Jul 6, 2017
Warner Archive Blu-ray: March, Lancaster, Douglas and Gardner in Seven Days in May (1964)
Seven Days in May (1964) was director John Frankenheimer's follow-up to The Manchurian Candidate (1962), meant to be another unsettling portrait of power and politics. Given today's political climate though, it is striking how relatively sane everyone seems in this story of an attempted military takeover of the US government. While there are dark forces in the mix, for the most part the players here are intellectual, sober-minded and determined to act with honor. It feels like a fantasy. Now available on Blu-ray from Warner Archive, this engrossing, underseen film is a fascinating comment on its own times and a timeless story of the eternal truth that everyone thinks they are the good guy.
Fredric March is embattled U.S. President Jordan Lyman, an increasingly unpopular leader who is under fire for signing a nuclear disarmament treaty with the Soviet Union in the midst of the cold war. In fear for the safety of the nation, Air Force General James Mattoon Scott (Burt Lancaster) has been working undercover to overthrow the president and create a government which satisfies his concept of defense. When Colonel Martin "Jiggs" Casey learns of the imminent takeover, he rushes to inform the president and preserve the union.
What follows is a muted, but intense race to thwart the uprising in the seven days before it is to begin. Jiggs struggles to find his way through the conflict, a situation in which he does not agree with the actions of his president, but is determined to uphold the constitution. He is unsettled by the wrong he must do to protect his leader, and particularly that he must betray Scott's former mistress, and his friend, Eleanor Holbrook (Ava Gardner) to obtain potential ammunition.
I don't know how much Rod Serling's script draws from the Fletcher Knebel and Charles Bailey II book, but it bears his mark: a plea for reason, belief in honor, but little faith that humans can act in their own best interest. While the film makes protagonists of Jiggs and Lyman, it doesn't necessarily celebrate them. Perhaps they have the constitution behind them, but in some ways they can't claim moral superiority to Scott.
The General is a threat, but he isn't a monster either. Made during the Cuban missile crisis, many Americans agreed with General Scott's belief in a strong military offensive. Frankenheimer didn't, but he wanted to portray Lancaster's character as sane and level-headed.
Frankenheimer recorded commentary for the film, included in this release, in which says that he doesn't believe that this movie could be made today, because he doesn't think audiences would accept a president with the morals of March's Lyman. He believes the office has been debased. I don't know when he made those comments, but it is worth noting that this feeling about the highest office in the land has existed in varying degrees of passion since Kennedy's assassination.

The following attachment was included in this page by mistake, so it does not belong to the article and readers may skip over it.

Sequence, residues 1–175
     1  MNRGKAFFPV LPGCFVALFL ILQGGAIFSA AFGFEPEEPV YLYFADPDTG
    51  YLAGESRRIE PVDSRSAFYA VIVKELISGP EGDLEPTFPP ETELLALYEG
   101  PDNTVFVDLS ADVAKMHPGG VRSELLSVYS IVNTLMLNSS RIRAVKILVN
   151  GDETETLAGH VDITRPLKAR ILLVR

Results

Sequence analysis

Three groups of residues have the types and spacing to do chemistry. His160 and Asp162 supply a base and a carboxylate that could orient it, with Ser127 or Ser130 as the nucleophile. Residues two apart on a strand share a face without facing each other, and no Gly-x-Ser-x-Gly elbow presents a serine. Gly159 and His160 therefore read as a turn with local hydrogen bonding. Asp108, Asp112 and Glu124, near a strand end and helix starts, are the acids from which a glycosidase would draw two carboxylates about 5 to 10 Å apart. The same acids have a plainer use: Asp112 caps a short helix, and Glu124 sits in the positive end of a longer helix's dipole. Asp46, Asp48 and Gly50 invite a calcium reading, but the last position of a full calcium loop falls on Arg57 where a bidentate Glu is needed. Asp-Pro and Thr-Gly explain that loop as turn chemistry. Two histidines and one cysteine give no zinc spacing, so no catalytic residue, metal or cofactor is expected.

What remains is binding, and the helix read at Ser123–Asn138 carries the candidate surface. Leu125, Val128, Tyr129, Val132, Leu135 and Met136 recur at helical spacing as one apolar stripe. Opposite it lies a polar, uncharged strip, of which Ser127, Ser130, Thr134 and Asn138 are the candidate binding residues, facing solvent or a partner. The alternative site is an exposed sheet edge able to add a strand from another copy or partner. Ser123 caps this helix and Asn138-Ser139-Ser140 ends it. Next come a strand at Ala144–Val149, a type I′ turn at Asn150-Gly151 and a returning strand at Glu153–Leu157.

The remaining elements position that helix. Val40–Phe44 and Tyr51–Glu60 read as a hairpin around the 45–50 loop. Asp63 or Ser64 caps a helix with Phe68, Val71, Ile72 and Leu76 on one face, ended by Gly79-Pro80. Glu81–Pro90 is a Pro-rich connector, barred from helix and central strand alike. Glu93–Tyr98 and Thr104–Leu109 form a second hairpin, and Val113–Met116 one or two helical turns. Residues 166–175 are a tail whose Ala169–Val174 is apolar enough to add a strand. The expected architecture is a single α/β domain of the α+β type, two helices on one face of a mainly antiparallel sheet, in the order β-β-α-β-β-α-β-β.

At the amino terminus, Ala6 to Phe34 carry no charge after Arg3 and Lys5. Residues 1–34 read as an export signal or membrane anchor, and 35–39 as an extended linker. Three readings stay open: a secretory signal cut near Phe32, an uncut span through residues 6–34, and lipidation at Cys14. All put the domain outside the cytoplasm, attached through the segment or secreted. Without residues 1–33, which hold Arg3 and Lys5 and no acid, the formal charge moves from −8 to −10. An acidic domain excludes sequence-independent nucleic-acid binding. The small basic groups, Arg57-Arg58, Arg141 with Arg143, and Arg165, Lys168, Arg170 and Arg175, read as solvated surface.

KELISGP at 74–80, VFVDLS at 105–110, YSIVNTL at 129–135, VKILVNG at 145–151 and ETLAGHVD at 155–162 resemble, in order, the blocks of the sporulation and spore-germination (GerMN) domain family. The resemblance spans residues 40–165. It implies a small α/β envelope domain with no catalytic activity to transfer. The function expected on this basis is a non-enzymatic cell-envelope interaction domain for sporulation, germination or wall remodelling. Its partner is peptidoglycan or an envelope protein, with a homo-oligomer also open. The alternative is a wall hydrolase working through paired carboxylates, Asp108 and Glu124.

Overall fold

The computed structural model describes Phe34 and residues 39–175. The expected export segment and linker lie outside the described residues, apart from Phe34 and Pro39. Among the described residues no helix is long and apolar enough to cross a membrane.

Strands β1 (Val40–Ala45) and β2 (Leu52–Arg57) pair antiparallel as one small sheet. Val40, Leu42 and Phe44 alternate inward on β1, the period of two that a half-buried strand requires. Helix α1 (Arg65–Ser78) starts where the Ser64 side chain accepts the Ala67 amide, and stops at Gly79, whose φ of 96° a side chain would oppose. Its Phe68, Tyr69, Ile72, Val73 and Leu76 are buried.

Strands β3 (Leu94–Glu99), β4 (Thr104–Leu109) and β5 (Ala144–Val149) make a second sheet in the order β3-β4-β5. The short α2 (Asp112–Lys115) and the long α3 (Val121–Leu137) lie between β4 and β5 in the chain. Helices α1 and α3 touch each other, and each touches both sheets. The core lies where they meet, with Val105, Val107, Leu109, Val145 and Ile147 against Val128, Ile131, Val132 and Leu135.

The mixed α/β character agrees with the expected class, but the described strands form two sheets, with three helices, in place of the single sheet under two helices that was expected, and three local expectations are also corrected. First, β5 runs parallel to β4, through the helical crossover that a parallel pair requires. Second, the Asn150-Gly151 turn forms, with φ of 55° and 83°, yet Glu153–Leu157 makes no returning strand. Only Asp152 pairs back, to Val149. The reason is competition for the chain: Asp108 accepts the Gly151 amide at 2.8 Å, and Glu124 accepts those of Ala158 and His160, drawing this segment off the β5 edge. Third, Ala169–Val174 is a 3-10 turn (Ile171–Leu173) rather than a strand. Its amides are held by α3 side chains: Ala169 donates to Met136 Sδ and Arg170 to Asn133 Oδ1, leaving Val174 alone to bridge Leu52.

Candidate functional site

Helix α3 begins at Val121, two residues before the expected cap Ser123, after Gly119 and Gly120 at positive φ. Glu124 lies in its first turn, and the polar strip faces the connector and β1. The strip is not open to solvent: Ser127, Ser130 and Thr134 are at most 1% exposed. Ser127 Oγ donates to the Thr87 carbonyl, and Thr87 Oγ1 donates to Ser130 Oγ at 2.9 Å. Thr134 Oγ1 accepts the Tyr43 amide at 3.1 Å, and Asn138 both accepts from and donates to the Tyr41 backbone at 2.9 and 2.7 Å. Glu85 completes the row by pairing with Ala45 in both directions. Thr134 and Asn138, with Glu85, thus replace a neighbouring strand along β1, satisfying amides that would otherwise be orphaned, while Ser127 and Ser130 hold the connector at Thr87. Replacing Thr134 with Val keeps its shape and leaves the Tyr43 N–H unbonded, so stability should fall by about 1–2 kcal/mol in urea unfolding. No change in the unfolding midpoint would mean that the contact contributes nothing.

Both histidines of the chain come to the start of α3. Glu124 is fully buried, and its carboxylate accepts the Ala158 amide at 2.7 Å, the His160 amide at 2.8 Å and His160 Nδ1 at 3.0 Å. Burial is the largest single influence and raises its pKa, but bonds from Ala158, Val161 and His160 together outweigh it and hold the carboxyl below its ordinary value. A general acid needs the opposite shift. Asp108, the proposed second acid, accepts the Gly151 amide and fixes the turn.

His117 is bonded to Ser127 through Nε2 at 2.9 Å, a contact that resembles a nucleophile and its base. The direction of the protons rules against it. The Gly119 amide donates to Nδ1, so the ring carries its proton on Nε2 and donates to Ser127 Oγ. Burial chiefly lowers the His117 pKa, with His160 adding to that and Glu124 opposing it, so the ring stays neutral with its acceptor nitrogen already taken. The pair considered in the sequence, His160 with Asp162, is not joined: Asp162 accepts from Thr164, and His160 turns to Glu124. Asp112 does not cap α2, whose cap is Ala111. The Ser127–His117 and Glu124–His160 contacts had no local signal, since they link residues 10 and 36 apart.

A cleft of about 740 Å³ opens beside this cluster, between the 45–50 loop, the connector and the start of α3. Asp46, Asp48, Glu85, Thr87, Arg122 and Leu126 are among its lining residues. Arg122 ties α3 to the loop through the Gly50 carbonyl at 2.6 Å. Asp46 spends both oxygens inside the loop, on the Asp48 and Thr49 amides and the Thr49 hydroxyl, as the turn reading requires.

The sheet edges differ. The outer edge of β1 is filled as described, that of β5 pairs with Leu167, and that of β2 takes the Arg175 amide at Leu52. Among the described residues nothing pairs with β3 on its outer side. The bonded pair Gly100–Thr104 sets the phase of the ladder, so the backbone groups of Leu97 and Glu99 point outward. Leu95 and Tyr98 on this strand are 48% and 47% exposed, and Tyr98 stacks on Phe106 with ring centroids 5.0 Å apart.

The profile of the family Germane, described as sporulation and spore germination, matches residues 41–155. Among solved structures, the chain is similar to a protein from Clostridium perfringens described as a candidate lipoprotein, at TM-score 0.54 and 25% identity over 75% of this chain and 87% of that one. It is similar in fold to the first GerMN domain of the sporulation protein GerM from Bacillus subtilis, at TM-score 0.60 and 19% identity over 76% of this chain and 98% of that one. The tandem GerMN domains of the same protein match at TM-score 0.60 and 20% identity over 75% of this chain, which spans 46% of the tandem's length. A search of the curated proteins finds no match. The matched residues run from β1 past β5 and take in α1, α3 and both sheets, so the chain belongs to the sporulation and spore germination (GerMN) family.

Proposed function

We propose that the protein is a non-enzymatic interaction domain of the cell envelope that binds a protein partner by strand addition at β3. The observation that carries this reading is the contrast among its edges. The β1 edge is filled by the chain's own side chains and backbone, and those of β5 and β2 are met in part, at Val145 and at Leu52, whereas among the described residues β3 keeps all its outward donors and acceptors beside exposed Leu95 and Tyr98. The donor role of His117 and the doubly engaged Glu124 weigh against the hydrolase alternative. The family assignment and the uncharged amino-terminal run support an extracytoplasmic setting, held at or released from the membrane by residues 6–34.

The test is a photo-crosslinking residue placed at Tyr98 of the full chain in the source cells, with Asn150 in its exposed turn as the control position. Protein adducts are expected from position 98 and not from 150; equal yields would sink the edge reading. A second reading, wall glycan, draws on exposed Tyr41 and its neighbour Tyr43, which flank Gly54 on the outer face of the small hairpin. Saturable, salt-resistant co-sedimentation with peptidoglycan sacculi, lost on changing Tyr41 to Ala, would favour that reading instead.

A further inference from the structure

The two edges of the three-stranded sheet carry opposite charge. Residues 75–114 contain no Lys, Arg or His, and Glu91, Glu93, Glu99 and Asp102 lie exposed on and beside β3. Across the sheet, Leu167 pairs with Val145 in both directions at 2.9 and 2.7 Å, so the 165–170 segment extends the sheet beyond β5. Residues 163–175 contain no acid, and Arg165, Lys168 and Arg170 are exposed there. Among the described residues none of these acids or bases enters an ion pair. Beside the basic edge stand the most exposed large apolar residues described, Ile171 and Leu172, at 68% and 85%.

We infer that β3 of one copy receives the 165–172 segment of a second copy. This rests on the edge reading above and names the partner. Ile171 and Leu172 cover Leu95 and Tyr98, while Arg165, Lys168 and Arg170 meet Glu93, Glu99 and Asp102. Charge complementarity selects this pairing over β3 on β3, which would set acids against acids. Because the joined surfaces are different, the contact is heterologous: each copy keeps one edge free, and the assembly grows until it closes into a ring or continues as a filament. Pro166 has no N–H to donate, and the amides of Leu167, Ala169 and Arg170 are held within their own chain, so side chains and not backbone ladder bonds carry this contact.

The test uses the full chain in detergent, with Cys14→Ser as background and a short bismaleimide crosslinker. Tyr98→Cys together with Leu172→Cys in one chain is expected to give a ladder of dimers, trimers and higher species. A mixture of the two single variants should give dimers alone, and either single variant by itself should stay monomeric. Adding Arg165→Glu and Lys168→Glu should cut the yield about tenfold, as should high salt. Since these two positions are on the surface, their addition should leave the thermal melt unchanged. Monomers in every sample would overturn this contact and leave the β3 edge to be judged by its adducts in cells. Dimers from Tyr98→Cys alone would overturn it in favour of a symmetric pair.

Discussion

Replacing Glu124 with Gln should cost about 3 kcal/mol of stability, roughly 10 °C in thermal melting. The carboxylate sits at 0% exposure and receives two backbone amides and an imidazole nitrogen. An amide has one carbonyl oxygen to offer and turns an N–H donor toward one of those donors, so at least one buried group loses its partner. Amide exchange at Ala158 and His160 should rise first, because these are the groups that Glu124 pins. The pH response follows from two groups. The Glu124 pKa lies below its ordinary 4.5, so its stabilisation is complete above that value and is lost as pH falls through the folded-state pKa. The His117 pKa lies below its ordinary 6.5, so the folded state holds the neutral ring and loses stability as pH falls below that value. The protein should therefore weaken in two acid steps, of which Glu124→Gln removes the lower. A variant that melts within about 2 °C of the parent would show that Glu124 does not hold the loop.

Due to political tensions at the time, co-producer Kirk Douglas recalled getting pushback from several directions when he wanted to film the story. It was only when President Kennedy not only gave his approval, but encouraged the producers to continue that the production could continue. JFK had had his own experiences with a dangerously influential general and seemed to want the public to understand how fragile democracy can be.
Here that fragility is revealed quietly, behind doors, coming to the edge of crumbling without a hint to the public. In some ways it is insidiously subtle; Jiggs knows the threat is real, but in fighting to be heard, you sense his self-doubt. It isn't so much that he doesn't believe in his end goal, but rather that the forces against him are so relentless that he struggles to keep his focus and moral grounding.
While these major players drive the action, they make victims of their foot soldiers. The emotionally exhausted Holbrook is already down when Jiggs further betrays her trust. In their quest for truth presidential advisor Paul Girard (Martin Balsam) and Senator Raymond Clark (Edmond O'Brien) become casualties of their own patriotism. It is a trio of moving performances, all of them pawns in different ways.
March and Lancaster communicate their entitlement smoothly.Their characters are more alike than they'd care to admit, both of them in power because of their ability to ask for sacrifice and their ferocity in standing by their beliefs. It was interesting to see two actors with such bold personas playing low-key roles. Still, though they are more subtle, but you can see the confidence surging beneath the surface.
A fascinating commentary by John Frankenheimer is the sole Special Feature on the Blu-ray.
Many thanks to Warner Archive for providing a copy of the film for review. To order, visit The Warner Archive Collection.